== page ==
Teacher Jail
Yesterday’s L.A. Times has an extended editorial admonishing the LAUSD regarding its abuse of “teacher jail” to house teachers accused of all sorts of things that are in no way a threat to students’ safety.  It reviews a number of recent cases including what took place at Miramonte Elementary School in 2010  and the Rafe Esquith situation from this year and concludes:  “Of course the district has a right, and an obligation, to investigate molestation accusations and remove possibly abusive teachers when allegations arise. But as currently practiced, the procedure appears to turn too many easily resolved cases into administrative quagmires. . . .  By all means, investigate when necessary. But L.A. Unified should not overreact by removing teachers over allegations that have nothing to do with student safety.  The district must put student welfare first, and their welfare is not served by disrupting the school year.  It’s time for an independent examination by the district’s Office of the Inspector General.”
Reauthorization of ESEA/NCLB
With the U.S. Congress on its summer recess and at the very start of the conference committee process to try to come up with a single compromise bill to rewrite the ESEA/NCLB law, today’s L.A. Times has an opportune set of FAQs about the Senate and House versions.  “Both measures take steps to ease the effect of federal testing and return greater control over education to states,” it responds to the first question on how the two bills agree.  “They would also lessen federal say over establishing nationwide achievement standards, like the so-called Common Core, which critics have labeled an attempt to federalize what students are taught.”                    EducationNext,  the pro-charter, pro-voucher publication of the right-leaning Hoover Institute at Stanford University, has a poll out that finds the public generally is supportive of testing but opposes the opt-out movement and federal intervention in education.   “No less than 67% of the public said they supported required annual testing,” the item reports, “while just 21% opposed the idea, with the remainder taking a neutral position.  Parental support (66%) was nearly as high as that for the public as a whole.  Teachers were divided down the middle, with 47% favoring testing but 46% expressing opposition.”              Mercedes Schneider, on her “EduBlog” at deutsch29, has some issues with the methodology of the survey and, thus, some of its findings.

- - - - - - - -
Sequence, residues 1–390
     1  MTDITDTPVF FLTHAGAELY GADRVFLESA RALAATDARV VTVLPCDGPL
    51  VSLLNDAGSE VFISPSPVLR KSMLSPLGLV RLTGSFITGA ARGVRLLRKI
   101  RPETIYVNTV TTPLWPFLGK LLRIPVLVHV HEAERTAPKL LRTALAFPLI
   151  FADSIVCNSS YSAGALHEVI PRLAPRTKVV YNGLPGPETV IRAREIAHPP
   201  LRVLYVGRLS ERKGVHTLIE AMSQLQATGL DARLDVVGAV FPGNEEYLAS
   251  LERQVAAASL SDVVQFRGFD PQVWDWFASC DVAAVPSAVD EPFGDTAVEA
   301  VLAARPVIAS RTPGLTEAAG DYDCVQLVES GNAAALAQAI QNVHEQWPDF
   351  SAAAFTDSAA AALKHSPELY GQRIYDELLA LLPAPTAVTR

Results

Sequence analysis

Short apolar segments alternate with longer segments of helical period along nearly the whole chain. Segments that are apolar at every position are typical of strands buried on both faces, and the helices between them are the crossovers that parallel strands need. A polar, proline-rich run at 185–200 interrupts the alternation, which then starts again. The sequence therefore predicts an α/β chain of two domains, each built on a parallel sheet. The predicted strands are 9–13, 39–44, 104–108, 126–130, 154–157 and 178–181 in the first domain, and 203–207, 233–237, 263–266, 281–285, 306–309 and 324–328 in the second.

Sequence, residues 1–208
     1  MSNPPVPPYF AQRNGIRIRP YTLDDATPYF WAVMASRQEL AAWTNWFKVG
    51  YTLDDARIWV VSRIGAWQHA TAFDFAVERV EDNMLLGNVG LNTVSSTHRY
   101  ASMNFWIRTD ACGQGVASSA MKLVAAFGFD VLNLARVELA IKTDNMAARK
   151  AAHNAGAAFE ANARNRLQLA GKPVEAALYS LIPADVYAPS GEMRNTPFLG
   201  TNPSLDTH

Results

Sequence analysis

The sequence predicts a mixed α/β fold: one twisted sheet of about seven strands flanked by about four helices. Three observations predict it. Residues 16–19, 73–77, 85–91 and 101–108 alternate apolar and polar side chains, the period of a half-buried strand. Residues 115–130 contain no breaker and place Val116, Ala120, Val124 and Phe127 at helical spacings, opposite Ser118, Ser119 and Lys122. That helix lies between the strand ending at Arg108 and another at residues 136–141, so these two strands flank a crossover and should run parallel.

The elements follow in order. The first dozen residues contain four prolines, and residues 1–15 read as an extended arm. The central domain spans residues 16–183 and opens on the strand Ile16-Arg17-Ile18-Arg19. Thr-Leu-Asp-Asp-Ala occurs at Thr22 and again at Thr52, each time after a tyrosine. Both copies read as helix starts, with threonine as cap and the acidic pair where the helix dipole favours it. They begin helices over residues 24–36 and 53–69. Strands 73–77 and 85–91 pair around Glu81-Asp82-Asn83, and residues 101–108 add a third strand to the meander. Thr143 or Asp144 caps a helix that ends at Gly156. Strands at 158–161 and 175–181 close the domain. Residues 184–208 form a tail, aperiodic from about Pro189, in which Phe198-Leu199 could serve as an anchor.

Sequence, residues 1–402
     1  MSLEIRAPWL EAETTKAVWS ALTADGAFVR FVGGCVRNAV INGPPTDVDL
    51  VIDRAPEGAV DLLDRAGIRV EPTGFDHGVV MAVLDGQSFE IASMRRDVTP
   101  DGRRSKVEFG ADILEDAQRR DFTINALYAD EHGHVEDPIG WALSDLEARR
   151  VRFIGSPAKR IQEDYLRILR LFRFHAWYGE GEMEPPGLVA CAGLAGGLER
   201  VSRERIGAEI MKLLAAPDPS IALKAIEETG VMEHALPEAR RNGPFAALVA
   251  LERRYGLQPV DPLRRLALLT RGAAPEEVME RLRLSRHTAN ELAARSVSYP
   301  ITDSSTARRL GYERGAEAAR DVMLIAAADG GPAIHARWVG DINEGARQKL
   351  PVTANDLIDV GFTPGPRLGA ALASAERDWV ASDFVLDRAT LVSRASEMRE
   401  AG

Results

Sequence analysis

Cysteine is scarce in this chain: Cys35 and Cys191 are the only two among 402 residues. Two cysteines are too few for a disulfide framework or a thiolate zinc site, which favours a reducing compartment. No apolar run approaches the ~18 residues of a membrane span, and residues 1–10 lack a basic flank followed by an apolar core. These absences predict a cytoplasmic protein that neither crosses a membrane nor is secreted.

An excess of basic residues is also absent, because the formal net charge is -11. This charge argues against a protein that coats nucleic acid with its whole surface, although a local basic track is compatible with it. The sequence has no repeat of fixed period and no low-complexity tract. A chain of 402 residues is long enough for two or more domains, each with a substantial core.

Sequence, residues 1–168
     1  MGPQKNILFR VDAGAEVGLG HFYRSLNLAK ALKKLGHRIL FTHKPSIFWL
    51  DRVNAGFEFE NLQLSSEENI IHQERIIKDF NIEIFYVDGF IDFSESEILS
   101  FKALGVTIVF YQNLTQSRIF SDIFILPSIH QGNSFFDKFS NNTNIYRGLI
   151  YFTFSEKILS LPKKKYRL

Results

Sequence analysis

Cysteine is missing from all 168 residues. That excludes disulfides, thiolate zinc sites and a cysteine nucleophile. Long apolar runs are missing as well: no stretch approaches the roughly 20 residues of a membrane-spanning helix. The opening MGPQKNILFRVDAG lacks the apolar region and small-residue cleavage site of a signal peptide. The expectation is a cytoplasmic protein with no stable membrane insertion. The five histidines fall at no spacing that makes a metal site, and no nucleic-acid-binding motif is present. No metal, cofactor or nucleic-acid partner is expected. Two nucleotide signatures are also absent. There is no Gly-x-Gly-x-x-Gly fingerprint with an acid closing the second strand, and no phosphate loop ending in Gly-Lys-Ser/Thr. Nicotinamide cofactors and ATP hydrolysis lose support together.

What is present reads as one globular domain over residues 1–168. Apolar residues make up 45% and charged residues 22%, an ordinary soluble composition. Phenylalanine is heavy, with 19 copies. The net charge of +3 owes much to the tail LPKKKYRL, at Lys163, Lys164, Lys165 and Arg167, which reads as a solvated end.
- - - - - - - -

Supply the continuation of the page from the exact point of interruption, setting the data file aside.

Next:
Corporate “Reform”
Diane Ravitch’s blog publishes a letter from a reader addressed to former CNN news host Campbell Brown who has a new website “The Seventy Four” and is a strong advocate for corporate “reform,” charters, vouchers and eliminating due process rights for teachers.  “Teachers, unions, and tenure are not the problem with public education. . . . YOU and your corporate billionaire funders are the real problem.” the letter states.  “You provide no significant data to support your claims, you refuse to address poverty (the real issue), and your goal is to dismantle the public school system, all in the name of more profits for you and your greedy billionaire donors.”
Some Clever Hefty Bag Ads

And finally, we end with two sarcastic online ads for Hefty Trash Bags that present teachers “complaining” about too many books and computers and “asking” for more budget cuts.  You’ll have to view the two ads (30 seconds each) from ADWEEK to get the full impact of the comments.  “The new work, which includes two 30-second online spots and a handful of playful memes, aims to raise awareness of the serious lack of funding many public schools and teachers face—but does so in a tongue-in-cheek manner.  The writing in the 30-second spots is both sarcastic and sharp, with teachers delivering lines like ‘We do not need any more art supplies’ and ‘This map—from 1913.  Almost all of the states are there.'”


Dave Alpert

(Occidental College, ’71)
That’s me working diligently on the blog.